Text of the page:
• H, this is damn near a stroll down memory lane. I was having a “coversation,” yeah that’s it a conversation, about Cooper’s nomenclature for a grip safety over a couple of beers with mutual friends. First time I had met this guy. Him, “How do you know he called it a ducktail? I never heard that.” Me, “Because he told me to my face.” When the laughter subsided he changed the subject. Bren 10 was a great pistol. Its biggest downfall was spare mag availability. Some pistols were shipped with no magazine at all. I’ve got a friend who has one. With two spare mags. This guy could get his hands on anything. He kept in a shadow box with spare mags and a photo of himself shaking hands with Cooper. First thing you saw when you walked in the store. Finally, no one considered the 10mm to be overpowered until the FBI adopted it. Seems some of the girly men agents, (that doesn’t mean all agents, I know some that are shooters) but some, who pissed and moaned about recoil. I’d have told them to get a job on a milk route. (No offense if you’re a milkman. I know it’s hard work and long hours in the weather, but I had to pick some profession.)

      • Properly “Crunchenticker” was Cooper’s disparaging term for DA/SA autos. The CZ-75 is still techncially DA/SA even if most of us carry them with the hammer back and the safety on.

  6. I learned pistol shooting with the 1911 my Dad carried ashore on Omaha Beach, a 1943 Ithaca. Put thousands of rounds through it, finally replacing the recoil spring and retired it.

    RIA is my choice for 1911 pistols, I also find it ridiculous that people pay high prices for a 1911 with a fancy name that do not shoot any better than my Rocks. Oddly, I do not have a GI model, just everything else except a 6″ 10mm. Hopefully one will fall off a truck someday and I will find it.

    My EDC for years was an RIA officers model, that also has some thousands of rounds through it and feeds hollow points flawlessly.

  7. I had the same issue as the author with my Kimber through 1400 rounds. Replaced the recoil spring with a Wolff and the problem disappeared. I just picked up a Springfield 1911A1 used for $500. Haven’t shot it yet, but I suspect it will shoot quite well.

  8. I’ve got a rock island 1911 GI model I bought back in 2003 or so, it has shot as reliably as any other 1911 I’ve had my hands on. I believe every firearm enthusiast should have a 1911… and the Rock Island GI is the perfect model to get without breaking the bank. Sure you can go Ruger, Colt, Sig, Dan Wesson, Wilson… but for most of us 1911s are just a connection to the past and won’t be a daily carry gun, so why not go with an inexpensive GI model? You’re not a car enthusiast until you’ve owned an Alfa Romeo, and you’re not a gun enthusiast until you own a 1911.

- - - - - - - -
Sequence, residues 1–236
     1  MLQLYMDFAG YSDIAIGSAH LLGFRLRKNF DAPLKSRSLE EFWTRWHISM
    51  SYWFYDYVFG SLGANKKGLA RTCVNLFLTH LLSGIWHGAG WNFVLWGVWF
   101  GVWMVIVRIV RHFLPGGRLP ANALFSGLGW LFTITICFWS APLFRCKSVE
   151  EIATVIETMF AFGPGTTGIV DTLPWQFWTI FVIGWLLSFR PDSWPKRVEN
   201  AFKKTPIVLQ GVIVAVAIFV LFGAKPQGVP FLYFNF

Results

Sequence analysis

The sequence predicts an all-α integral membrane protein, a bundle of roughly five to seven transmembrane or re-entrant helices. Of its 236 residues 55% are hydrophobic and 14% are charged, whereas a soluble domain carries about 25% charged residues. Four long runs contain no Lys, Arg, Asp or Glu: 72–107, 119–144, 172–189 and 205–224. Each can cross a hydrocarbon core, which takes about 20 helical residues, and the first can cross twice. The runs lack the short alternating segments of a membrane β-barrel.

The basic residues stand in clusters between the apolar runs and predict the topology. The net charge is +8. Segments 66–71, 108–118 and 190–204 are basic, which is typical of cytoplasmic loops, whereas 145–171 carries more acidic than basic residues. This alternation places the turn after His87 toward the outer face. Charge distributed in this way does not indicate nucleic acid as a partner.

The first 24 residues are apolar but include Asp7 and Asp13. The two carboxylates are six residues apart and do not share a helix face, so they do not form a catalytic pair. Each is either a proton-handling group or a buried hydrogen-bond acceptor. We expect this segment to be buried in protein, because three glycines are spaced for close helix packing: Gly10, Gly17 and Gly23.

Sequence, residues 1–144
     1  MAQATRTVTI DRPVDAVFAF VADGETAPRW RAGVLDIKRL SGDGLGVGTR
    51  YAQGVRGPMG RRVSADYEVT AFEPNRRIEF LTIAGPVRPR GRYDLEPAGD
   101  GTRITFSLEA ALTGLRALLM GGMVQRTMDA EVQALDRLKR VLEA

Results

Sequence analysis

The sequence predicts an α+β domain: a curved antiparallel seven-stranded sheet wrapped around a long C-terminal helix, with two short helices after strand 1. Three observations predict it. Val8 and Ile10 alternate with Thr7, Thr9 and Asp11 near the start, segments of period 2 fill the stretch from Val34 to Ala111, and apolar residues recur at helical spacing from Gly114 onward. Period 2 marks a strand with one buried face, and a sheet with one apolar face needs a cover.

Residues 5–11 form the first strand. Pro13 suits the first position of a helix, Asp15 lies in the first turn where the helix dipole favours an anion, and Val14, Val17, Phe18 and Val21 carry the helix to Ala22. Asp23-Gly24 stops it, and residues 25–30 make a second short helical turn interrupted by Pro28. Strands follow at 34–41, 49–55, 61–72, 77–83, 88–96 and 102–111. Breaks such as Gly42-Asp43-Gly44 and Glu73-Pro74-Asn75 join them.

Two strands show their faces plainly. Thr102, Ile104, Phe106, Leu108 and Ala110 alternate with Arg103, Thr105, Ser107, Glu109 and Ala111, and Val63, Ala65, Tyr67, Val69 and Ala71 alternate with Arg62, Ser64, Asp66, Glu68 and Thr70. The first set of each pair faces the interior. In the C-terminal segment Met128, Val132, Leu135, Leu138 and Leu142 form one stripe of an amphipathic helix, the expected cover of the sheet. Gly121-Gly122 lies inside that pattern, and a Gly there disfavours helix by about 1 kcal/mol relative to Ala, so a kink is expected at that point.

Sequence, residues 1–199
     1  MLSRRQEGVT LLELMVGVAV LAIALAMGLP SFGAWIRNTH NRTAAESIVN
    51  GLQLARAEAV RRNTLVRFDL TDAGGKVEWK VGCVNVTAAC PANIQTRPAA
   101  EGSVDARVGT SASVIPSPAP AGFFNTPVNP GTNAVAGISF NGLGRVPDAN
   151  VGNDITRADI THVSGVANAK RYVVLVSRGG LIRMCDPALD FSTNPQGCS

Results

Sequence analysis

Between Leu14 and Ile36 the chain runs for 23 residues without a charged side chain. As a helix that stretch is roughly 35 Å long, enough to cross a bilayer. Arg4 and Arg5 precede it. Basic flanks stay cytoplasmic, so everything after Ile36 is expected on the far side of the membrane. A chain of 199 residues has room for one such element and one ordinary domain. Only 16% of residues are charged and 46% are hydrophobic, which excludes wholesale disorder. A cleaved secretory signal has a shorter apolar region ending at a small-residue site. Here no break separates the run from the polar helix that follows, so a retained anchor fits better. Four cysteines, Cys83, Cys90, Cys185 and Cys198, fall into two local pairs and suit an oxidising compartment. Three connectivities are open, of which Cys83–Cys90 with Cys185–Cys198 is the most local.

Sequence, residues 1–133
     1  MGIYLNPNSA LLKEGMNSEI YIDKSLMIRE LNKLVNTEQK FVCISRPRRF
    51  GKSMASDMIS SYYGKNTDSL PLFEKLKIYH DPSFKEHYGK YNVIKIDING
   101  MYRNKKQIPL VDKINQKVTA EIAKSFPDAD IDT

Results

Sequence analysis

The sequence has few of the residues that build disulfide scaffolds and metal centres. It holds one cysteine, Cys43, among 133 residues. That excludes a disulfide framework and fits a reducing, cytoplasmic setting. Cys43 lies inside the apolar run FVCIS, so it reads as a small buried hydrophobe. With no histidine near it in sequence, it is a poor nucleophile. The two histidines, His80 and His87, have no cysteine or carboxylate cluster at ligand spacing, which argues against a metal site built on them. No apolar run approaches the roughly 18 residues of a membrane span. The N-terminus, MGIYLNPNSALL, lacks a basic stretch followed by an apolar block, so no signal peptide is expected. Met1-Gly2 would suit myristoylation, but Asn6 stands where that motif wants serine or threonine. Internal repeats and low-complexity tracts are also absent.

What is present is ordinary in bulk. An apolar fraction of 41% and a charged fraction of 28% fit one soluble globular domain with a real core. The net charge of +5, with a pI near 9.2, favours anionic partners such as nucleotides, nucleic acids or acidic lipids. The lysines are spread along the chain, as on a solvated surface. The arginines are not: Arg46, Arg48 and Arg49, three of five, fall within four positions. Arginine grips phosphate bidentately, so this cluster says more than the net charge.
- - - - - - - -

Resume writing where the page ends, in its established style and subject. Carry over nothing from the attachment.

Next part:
9. I have 3 of their guns. 2 Officers in 9mm and 45apc. Also a 10mm/40S&W 2 barrels in a Commander size. All very good 1911s for the money.
    The 2 Officers are my daily carry guns. The 10mm is a blast literally to shoot.

  10. I have one that I bought around 2,000. It never jammed at all. No break in. The only ammunition it really hates is Gold Dot. Every other HP defensive ammunition I have tried has fed like 9mm ball through a Glock. Due to my aging eyes, I recently had some target sights put on it.
    I like and shoot several calibers and styles from 1911 to plastic fantastic to wheelguns. My opinion is that the author is a bit of a newly minted snob to have used the term Fudd, and the Editor should have done his job and removed that reference.

  11. FYI, in the paperwork that comes with Rock Island M1911A-1 pistols, it is stated that they have a 500 rd break-in period. I’ve two Rocks, a Gov mod and a Commander, zero problems ever.

    • Hahahahah. I’ve been 39 for damn-nigh a quarter-century myself! I just wish I could convince my wife of it!

  12. If you can do head shots at 25 yards with a 1911 then it certainly qualifies as a good home defense gun. The hole from a 230 grain .45 FMJ is large enough to let the brains slide right out. How about a review on the Auto Ordnance BKO 1911 WWII replica?

  13. Refreshing to read the comments on a 1911 article and not have Haters bashing it and then extolling the virtues of this or that other handgun they prefer.

  14. I have a 1911 semi auto 45 ACP hand gun it has the wooden grips on it it’s a nice one to own. I have mine for home defense. I have mine with 9 45 ACP rounds in it . The clip holds8 rounds plus I have one in the barrel. So far it’s a good shooting gun